The Power of Now: A Guide to Spiritual Enlightenment was just the thing that I needed to come across that was going to give me that much needed spark in realizing that in order to move further, I had to let go of the here and now and escape the false sense of reality that my mind had created in my life. Reading this book allowed me to escape this and to see that there was a world out there that I had yet to actually tap into. I was able to see that instead of living, I had merely existed in my reality. The information contained in this book showed me that there was a path to getting where I was aiming for. I was not aware of the many opportunities that I was wasting that were placed right in front of me.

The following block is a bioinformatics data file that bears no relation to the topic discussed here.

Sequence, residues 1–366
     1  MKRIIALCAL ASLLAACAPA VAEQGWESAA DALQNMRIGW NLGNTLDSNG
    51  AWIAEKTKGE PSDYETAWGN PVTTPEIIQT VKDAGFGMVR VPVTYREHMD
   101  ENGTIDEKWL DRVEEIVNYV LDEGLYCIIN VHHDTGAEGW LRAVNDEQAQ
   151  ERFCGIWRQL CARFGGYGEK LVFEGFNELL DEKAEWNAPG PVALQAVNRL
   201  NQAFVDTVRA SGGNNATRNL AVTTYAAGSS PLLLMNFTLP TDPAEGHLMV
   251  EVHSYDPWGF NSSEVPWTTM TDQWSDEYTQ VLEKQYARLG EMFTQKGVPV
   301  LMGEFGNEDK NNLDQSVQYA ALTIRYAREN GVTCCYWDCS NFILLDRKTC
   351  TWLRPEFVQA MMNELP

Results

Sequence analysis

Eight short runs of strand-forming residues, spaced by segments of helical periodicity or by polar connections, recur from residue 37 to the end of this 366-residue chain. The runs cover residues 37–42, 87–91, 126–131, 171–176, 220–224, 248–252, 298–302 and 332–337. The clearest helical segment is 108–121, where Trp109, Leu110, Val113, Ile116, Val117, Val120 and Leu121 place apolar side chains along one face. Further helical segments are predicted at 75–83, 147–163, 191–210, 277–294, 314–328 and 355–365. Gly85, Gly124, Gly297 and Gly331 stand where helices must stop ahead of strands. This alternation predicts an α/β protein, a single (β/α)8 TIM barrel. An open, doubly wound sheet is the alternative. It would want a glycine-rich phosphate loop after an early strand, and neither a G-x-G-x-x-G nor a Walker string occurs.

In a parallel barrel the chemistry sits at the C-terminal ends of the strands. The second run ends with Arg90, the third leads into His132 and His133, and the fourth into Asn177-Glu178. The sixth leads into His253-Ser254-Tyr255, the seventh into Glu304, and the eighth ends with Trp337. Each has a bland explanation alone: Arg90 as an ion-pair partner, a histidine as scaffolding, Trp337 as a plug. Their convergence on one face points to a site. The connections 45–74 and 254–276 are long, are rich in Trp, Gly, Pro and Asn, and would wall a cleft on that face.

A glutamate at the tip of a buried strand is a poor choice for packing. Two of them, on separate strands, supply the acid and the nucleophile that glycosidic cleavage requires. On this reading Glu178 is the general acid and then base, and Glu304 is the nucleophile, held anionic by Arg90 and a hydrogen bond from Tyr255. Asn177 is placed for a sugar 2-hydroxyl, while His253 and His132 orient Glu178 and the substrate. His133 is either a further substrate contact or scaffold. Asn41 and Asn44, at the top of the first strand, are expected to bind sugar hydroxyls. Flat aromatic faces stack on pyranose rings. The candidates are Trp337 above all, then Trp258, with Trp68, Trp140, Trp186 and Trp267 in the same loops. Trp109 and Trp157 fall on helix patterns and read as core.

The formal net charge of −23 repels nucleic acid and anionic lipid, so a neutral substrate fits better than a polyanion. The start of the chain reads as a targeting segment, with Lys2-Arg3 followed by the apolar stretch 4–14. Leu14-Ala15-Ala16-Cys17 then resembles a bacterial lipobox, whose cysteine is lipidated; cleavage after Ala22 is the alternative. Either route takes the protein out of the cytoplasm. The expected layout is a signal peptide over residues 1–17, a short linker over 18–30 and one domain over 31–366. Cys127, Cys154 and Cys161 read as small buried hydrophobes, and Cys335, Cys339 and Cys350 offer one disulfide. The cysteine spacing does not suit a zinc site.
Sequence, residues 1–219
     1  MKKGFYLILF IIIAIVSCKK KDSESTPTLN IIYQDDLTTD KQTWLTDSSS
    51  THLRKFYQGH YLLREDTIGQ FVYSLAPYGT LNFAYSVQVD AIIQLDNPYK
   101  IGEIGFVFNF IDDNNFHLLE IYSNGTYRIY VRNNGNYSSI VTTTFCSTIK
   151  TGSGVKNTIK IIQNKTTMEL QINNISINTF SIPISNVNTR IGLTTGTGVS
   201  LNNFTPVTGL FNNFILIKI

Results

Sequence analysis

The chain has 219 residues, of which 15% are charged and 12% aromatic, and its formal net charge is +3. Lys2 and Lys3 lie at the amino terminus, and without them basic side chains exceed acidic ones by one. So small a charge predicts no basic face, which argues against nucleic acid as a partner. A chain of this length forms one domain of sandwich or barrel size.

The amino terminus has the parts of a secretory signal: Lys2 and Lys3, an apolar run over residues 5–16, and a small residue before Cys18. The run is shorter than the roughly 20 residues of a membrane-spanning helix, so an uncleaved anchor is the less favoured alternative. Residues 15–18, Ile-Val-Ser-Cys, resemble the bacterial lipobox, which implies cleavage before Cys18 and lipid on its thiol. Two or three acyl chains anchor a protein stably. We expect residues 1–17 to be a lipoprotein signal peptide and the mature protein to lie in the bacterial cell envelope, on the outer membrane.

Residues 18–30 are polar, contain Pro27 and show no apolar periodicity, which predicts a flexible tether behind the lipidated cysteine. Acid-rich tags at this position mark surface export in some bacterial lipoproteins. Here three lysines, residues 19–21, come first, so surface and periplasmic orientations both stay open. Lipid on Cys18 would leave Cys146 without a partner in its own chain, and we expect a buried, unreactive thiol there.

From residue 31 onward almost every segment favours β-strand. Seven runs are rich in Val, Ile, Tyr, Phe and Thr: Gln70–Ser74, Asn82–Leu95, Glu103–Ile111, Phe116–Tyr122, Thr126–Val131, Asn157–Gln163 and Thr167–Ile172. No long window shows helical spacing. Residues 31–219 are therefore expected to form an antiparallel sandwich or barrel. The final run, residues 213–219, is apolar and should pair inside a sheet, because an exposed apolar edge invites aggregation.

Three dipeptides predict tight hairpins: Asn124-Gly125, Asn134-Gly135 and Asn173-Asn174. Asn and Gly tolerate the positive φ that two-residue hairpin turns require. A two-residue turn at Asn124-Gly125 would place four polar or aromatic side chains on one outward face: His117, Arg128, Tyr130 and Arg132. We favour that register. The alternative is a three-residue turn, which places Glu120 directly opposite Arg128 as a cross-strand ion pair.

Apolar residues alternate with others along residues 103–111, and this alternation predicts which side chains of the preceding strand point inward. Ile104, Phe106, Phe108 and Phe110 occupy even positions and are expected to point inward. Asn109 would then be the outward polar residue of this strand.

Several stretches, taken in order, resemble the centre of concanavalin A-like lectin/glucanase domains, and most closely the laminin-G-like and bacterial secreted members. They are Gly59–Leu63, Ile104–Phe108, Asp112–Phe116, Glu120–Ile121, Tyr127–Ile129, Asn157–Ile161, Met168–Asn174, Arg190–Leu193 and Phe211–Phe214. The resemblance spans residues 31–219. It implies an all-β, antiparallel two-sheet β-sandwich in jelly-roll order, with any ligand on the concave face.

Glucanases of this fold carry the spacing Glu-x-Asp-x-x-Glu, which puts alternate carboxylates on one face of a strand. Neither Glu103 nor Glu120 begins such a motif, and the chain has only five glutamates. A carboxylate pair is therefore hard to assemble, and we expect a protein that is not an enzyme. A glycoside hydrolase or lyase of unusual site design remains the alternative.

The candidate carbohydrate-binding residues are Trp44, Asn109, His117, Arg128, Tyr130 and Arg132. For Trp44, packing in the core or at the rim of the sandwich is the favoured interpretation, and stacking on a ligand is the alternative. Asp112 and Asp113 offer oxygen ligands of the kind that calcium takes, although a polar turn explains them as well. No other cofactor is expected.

I was still not quite satisfied with the information that I had gained. I felt that there was more that could be discovered. That was when I found another great book titled Manifestation Magic: Attracting Abundant Wealth, Incredible Health, Great Relationships, and Limitless Success into Your Life. When we stop and think about it we do not actually live up to our full potential as we tend to over think things and not quite allow our minds to be the powerful tool that it is. Reading this book I was quick to discover that we hold all the power in getting the things that we are seeking out. Regardless of if it is wealth or health, we can manifest it when we unlock our brain.
When you are looking to unlock the power that your brain has, it is a good idea that you read these two books as they will help to guide you down the right path. Once you begin to read these, you will quickly see the power that the human mind can and often does have on our lives. If you want something bad enough, you need to remember that you are the one in charge of making it happen not the universe.